Let be any initial state for (18) with and let so that the governor remains static, i.e., . Suppose that the following safety condition is satisfied:
See Appendix D ∎
The set of safe states of the robot-governor system (18) includes all states with strictly positive free energy and associated local safe zone with non-empty intersection with the path :
Suppose that the path satisfies the following safety condition:
for some constant and bound on the peak output of system (1) under the feedback-linearizing controller in (6). Then, the closed-loop robot-governor system (18) with governor control policy in (21) is asymptotically steered from any safe initial state to a goal region and the robot output trajectory is collision-free for all time, i.e., for all .
See appendix E. ∎
Vii Application: Ackermann-Drive Robot
We demonstrate the proposed reference-governor controller on a ground wheeled robot with an Ackermann steering mechanism. The state of the robot consists of its position , orientation and steering angle , while its input is the rear-axle driving speed and the steering angular velocity . The kinematic model [deluca1998feedback] describing the robot’s motion is:
where is the distance between the front and rear axles. The model assumes that there is no wheel slip and the two front wheels have the same steering angle. In the literature, this model is also referred to as a bicycle model [deluca1998feedback], single-track model [ackermann1993robust], or Ackermann vehicle model [Franch2009_ECC].
The system (26) is not static feedback linearizable but it is linearizable via dynamic extension [fliess1995flatness, isidori1995nonlinear]. Speed and acceleration are added to the system state , while jerk is added as a control input . The augmented system can be written in the control-affine form (1) with bounded input disturbance :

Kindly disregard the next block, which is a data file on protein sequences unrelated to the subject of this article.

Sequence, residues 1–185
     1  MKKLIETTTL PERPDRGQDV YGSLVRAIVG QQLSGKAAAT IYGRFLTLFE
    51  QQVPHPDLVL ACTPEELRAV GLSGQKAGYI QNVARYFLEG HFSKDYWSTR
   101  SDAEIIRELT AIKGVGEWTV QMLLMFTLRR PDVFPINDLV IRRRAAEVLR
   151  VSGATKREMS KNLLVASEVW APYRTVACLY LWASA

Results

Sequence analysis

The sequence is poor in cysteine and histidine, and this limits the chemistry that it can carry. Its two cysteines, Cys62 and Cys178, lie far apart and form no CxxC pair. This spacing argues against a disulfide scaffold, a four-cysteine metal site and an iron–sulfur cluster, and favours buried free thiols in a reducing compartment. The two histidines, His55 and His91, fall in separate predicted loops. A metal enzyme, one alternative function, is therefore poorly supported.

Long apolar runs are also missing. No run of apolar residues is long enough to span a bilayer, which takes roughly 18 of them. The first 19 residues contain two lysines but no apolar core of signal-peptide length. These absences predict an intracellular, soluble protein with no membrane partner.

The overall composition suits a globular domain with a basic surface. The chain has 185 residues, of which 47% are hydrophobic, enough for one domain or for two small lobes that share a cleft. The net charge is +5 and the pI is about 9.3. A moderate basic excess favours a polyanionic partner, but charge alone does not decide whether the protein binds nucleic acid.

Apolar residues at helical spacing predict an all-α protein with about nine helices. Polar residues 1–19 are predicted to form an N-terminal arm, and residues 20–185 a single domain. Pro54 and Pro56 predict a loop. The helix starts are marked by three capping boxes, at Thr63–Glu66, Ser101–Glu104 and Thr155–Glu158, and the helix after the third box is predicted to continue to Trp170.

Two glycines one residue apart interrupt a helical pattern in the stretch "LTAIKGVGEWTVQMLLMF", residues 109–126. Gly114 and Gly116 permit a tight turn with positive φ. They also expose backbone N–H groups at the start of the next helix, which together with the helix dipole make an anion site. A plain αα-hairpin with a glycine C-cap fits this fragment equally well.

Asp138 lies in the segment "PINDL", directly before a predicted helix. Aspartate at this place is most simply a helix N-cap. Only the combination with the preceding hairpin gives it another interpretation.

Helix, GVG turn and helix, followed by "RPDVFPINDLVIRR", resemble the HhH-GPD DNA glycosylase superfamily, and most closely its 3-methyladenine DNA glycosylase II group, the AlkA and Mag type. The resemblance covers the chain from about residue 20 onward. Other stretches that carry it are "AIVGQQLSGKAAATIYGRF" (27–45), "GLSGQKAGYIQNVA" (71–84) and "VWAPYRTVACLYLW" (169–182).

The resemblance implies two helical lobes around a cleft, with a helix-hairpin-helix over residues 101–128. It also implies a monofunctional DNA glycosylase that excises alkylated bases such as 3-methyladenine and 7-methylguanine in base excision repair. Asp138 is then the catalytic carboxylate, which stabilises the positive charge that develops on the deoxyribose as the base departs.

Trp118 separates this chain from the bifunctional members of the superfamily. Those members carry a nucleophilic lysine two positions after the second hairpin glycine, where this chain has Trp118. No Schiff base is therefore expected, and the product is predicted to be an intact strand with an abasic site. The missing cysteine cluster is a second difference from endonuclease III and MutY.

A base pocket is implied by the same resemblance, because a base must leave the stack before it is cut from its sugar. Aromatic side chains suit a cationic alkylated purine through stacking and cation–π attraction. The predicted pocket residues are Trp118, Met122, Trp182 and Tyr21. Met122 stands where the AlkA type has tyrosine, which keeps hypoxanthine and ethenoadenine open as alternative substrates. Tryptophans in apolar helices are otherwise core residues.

Choosing position as an output, , makes the system output-feedback linearizable:
Note that , so is non-singular if and . Due to the geometry of the steering mechanism, the wheels can never be perpendicular to the vehicle body, while the non-zero speed requirement can be satisfied by initializing our controller just a small initial speed. Hence, Assumption 2 is satisfied. The system has vector relative degree and , which equals the number of states. By Prop. 1, the system is full-state input-output linearizable with new coordinates . By Prop. 2, applying the control input leads to the linear system with state-dependent noise in (5).
Instead of assuming a conservative bound on the input noise , we propose theres exist an operating profile that relates the allowable speed and steering angle of the car. The profile specifies that as the speed is increasing, the allowable steering angle is decreasing. Since , the operating envelope ensures that some upper bound exists on . From (28), we can compute:
showing that Assumption 3 is satisfied with . Following the approach in Sec. V, we choose a stabilizing control gain for the linear system in (5) and re-order the states as , arriving at the system in (8). The reminder of the control design, including the local safe zone and projected goal computations in (19) and (20), is agnostic to the original system dynamics.
Viii-a Output Prediction for Stochastic Linear Systems
Consider the linearized system (8) corresponding to the Ackermann-drive robot described in Sec. VII. Fig. 3 compares the invariant ellipsoids containing the system output, predicted by Thm. 1 and Thm. 2 for two different choices of . We can observe that all four ellipsoids are valid outer approximations of the space of output trajectories. The SDP-based method (Thm. 1) leads to tighter bounds than the Lyapunov-equation-based method (Thm. 2) regardless of how the quadratic output norm is defined. Using a quadratic norm aligned with the initial direction of motion of the system, , leads to a large improvement on the tightness of the SDP-based output peak bound. The Lyapunov-equation-based method does not benefit significantly from a specific choice of because the bound estimation does not take the initial condition into account when minimizing the size of the invariant ellipsoid.
Viii-B Simulated Ackermann-Drive Navigation